was but ten years old. To this time he had

little if any school instruction, but had learned
to read under his mother, a woman of strong
character and considerable intelligence. He
now entered school at Carbondale, kept in a
log house, lighted by means of oiled paper in
lieu of window glass, and puncheon benches
serving for seats. His teacher was an irasci-
ble character whose petty tyranny young Dick-
son would not endure, and he left school.
Thereafter his education was in greater part
self-supplied through private reading, but his
ambition was stimulated and well directed by
Silas S. Benedict, an accomplished scholar,
who took up his abode in Carbondale about
this time, and gave his efiforts to interesting
the }-outh of the village in books, literary
composition, declamation and public debate.
A club being organized for the latter purpose,
young Dickson took an active and shortly
afterward a foremost part. How well he de-
veloped is evidenced by his subsequent broad
knowledge, surpassing that possessed b}- many
a collegiate. His deep interest in books found
expression in his personal acquisitions, begin-
ning with his first wage-earning, and con-
tinued throughout his life, not a year passing
but he devoted a certain amount to new pur-
chases, always made with careful discrimina-
tion. At his death his library numbered many
thousand volumes, covering the broadest fields
and including all the standard authors, with
whose works he had become entirely familiar.
A key to his character is found in his peculiar
love for the domestic poets, American and
foreign, but, before all others, the bards of
Scotland, Burns, Tannehill, Scott, and those
who rank worthily with them. What de-
lighted him he unselfishly sought to make de-
lightful to others. When he first embarked
in business in Carbondale he gathered books
at his own expense and established a circulat-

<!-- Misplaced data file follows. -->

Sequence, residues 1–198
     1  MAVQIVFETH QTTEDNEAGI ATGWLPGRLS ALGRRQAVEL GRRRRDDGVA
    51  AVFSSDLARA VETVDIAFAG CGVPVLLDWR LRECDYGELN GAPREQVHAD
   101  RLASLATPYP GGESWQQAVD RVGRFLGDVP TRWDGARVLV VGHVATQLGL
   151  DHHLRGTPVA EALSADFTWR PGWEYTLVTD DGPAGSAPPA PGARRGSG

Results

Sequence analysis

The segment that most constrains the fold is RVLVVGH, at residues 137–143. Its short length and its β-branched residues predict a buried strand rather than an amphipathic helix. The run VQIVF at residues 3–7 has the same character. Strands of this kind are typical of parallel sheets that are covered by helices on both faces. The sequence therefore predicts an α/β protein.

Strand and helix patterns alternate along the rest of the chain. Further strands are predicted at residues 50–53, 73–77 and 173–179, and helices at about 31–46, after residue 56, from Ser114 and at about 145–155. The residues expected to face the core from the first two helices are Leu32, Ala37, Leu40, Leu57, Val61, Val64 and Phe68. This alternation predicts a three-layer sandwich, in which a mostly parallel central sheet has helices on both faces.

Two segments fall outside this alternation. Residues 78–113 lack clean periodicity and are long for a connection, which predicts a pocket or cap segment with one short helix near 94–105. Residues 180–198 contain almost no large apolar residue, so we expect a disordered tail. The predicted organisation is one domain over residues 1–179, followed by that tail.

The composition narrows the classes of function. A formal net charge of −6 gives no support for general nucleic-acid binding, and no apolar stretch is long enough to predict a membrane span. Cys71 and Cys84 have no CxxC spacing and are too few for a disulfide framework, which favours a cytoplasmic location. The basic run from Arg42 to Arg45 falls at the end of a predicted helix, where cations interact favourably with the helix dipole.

ing library, adding to the collection from time
to time, and he conducted it during his entire
residence there, making it of real advantage to
the entire community. While he was thus
educating himself and others he was at the
same time developing literary ability of no



mean order. As a writer he became a master
of diction, and in the ripeness of his powers
dictated correspondence with rare facility.
He had acquired a considerable knowledge of
law, which was of vast advantage to him when
he came to the charge of the large business of
his mature years, and in preparation of legal
papers relating to transactions involving in
the aggregate millions of dollars, dictated with
an accuracy of legal expression which seldom
afforded room for modification by the best
equipped commercial lawyer. Indeed, one of
the most talented lawyers at the Lackawanna
bar was accustomed to say that Mr. Dickson's
legal papers were as complete as he himself
could draw up. In his hours of leisure his
ample knowledge, discriminating observation
and command of language, aided by a gen-
uinely poetical temperament, enabled him to
indite, in an epistolary way, compositions
which were gems of literary construction.
While making a tour of the world he wrot&
home a serit.s of letters which he subsequently
made the basis of a number of lectures which
he prepared by invitation and delivered with
great acceptability in various places ; these
were invariably given in behalf of some ben-
evolent interest, and generally for the Young
Men's Christian Association, in which he was
deeply interested, and which he constantly
aided with his means.

Mr. Dickson's business career began with
his leaving school, and his first labors had for
their object the assistance of his mother in
the absence of the father. Applying to George
A. Whiting for employment, his determination
was exhibited in his proffer to perform any
description of labor whatever. Admiring the
spirit of tlie lad, Mr. Whiting set him to driv-
ing a mule harnessed to the sweep for lifting
coal out of the mine of the Delaware & Hud-
son Canal Company. Shortly afterward he
attracted the attention of Charles T. Pierson,
a merchant in Carbondale, who offered him
a place in his store as a clerk and boy of all
work. This led in time to his employment as
a clerk in the store of Joseph Benjamin, one

of the principal business men of the place.
Here he acquitted himself so creditably, and
gained such a knowledge of the business that,
when the late Frederick P. and Galusha A.
Grow (late congressman at large) in firm of
Grow Brothers, became the owner, made the
purchase conditional upon i\Ir. Dickson re-
maining with them. Two years later he be-
came a partner of his former employer, Mr.
Benjamin, who had engaged in the foundrv
and mercantile interests, and took charge of
the mercantile end of business, at the same
time giving such attention as he could to the

Online LibraryHorace Edwin HaydenGenealogical and family history of the Wyoming and Lackawanna Valleys, Pennsylvania; (Volume 2) → online text (page 2 of 130)